If, on September 27, you subscribed to The Morning of the New York Times, you may have read:

An independent analysis has found that President Biden’s student debt relief plan could cost around $400 billion, or around 2% of the country’s annual economic output.

What you wouldn’t know is that the “independent analysis” was done by the Congressional Budget Office, a very reliable agency and not one of the many independent crackpot nests of “analysts”.

Also, you wouldn’t know that that $400 billion was calculated to be spread over 30 years. However, you would be led to believe that these “costs” would be incurred in a single year and would amount to 2% of the country’s current total economic output (GDP).

To be picky, $400 billion would be 1.6% of the latest GDP figures, but a news report is free to round up to 2%. Yet, is comparing a 30-year estimate with a single year’s number appropriate, even for the NYT?

If you were looking for a more reliable presentation of the facts and weren’t one to favor the news, you would have found it in the Indianapolis Star and elsewhere on the same date. It was an Associated Press account (probably via Gannett).

Both accounts focus on the decrease in federal government revenue due to the debt cancellation program. What is not mentioned is the first year pardonee benefit of $21 billion.

What will these borrowers do with the money for principal and interest payments that they don’t have to send to the federal government?

The White House talks about the clothes and other necessities they can buy. The Out House assumes that these funds will be spent on beer, chips and sports betting. In both cases, GDP increases.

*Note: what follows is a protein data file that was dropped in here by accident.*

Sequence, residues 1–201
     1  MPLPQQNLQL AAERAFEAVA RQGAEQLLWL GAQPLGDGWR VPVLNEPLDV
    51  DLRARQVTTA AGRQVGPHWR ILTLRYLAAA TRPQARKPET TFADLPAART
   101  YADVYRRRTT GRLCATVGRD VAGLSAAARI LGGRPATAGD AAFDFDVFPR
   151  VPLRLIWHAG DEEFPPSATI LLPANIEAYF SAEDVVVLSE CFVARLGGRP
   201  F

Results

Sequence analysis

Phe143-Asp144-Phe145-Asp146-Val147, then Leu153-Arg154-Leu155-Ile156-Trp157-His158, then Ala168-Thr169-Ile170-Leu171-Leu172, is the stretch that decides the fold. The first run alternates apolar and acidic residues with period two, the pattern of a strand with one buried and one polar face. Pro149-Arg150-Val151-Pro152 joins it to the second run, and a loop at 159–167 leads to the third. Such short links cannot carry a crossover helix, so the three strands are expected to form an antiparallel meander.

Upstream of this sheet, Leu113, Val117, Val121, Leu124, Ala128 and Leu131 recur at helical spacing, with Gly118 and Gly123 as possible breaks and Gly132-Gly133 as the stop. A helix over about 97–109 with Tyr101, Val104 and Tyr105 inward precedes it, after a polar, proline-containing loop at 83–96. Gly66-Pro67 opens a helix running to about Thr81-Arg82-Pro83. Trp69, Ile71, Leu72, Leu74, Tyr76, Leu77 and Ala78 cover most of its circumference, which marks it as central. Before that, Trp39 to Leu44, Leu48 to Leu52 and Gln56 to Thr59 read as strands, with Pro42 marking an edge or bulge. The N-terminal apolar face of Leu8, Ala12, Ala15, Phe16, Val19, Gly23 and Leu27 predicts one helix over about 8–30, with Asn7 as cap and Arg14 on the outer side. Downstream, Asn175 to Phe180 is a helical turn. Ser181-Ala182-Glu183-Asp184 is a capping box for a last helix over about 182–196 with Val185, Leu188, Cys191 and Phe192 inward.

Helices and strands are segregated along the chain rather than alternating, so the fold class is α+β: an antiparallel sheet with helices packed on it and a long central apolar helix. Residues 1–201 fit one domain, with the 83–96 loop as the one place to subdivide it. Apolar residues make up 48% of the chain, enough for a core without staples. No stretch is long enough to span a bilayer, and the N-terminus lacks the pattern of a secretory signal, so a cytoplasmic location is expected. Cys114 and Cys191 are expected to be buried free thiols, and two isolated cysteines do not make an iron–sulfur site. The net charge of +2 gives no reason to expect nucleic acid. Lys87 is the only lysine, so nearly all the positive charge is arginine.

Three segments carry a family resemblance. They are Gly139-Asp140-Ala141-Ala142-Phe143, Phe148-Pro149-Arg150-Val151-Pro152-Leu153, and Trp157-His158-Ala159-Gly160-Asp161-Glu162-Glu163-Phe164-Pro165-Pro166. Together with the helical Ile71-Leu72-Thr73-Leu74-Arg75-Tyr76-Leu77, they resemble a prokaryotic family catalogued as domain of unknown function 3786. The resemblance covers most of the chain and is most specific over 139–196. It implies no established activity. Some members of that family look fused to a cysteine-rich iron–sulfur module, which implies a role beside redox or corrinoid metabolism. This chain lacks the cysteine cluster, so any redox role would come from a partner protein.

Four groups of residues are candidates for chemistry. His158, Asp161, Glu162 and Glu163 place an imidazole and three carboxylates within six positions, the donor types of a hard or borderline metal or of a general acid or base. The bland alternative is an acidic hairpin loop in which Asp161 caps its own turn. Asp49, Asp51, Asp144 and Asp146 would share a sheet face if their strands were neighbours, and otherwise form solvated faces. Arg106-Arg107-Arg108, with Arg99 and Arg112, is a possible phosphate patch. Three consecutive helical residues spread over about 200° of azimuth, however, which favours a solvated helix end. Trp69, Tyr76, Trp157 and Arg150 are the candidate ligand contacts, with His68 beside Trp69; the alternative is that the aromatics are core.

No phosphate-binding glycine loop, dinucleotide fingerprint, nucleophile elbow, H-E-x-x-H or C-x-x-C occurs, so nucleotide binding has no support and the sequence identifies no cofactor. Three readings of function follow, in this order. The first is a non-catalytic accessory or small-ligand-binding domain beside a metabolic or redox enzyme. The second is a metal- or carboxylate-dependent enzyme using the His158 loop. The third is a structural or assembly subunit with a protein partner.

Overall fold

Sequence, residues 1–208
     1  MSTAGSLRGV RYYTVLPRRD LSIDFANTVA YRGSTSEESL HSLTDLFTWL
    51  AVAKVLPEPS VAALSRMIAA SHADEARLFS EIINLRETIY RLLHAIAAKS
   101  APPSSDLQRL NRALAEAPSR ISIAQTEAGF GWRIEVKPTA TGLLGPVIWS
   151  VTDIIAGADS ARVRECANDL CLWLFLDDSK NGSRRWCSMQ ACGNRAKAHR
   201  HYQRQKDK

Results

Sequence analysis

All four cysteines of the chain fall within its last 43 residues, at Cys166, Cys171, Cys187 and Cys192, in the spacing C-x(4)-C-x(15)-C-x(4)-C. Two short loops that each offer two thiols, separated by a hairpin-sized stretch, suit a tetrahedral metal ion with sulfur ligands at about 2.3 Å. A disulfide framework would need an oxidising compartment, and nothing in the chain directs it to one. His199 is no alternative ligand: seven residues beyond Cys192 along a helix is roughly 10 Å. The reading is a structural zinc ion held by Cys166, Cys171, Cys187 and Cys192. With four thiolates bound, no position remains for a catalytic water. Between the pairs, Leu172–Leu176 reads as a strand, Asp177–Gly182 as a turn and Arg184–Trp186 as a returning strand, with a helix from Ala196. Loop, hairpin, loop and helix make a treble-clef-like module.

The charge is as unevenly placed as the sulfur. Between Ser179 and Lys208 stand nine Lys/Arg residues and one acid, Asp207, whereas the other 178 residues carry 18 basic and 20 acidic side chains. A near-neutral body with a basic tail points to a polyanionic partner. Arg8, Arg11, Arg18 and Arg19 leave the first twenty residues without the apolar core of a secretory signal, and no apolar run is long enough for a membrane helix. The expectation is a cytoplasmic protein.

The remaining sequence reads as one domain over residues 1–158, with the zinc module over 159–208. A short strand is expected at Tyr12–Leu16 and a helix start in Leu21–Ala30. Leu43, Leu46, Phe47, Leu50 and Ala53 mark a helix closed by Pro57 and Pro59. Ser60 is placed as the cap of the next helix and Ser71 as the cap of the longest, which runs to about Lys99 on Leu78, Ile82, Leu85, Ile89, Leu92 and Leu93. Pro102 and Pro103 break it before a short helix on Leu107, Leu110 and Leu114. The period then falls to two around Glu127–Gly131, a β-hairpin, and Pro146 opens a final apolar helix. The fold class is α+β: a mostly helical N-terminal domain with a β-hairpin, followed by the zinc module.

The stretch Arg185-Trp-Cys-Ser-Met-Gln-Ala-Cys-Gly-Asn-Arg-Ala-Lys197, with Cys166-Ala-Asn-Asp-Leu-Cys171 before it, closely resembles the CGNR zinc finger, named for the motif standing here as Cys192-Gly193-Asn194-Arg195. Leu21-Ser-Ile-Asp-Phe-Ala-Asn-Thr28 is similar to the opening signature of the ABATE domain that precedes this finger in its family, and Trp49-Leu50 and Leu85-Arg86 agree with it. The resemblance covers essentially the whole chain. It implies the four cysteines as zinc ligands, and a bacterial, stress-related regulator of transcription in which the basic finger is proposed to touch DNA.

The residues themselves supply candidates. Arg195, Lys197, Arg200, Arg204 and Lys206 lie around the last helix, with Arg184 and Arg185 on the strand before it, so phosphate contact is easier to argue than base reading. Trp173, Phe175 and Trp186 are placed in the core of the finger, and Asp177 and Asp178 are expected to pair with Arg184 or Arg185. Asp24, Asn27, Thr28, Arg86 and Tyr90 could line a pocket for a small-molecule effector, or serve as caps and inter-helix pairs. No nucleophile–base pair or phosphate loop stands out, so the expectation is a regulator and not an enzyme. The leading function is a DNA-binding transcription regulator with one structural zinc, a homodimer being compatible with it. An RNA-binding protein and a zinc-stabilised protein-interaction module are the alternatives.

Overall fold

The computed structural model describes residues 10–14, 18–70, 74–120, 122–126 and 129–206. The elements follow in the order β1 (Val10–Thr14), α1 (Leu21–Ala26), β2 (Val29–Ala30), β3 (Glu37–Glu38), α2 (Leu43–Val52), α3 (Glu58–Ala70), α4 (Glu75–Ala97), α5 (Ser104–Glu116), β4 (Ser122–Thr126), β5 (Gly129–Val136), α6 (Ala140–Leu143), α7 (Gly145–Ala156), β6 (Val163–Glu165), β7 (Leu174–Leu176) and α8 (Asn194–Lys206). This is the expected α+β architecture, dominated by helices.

Now let’s look at the latest GDP figures.

The Bureau of Economic Analysis (BEA) announced that GDP fell by 0.6% in the second quarter of the year. This figure was unchanged from the previous estimate for the second quarter.

For each quarter of the year, the BEA produces an estimate of GDP. These are called the lead, second and third guesses. Monthly revisions are necessitated by Congress and others who want the best numbers available as soon as possible.

Revisions are made possible by additional data as it is submitted to the BEA by the companies and other government agencies.

But the public, unaware of these necessary procedures, assumes that each publication is fresh news. Hence the misconception about America in another recession. In fact, the 0.6% drop in the second quarter was better than the -1.6% in the first quarter.

Both numbers are too small to get excited about. We’re not in a recession, but public anxiety over headlines and short stories could make it happen.

Morton Marcus is an economist. Join it at [email protected] Follow his and John Guy’s take on “Who Gets What?” wherever podcasts are available or at mortonjohn.libsyn.com. Send feedback to [email protected]

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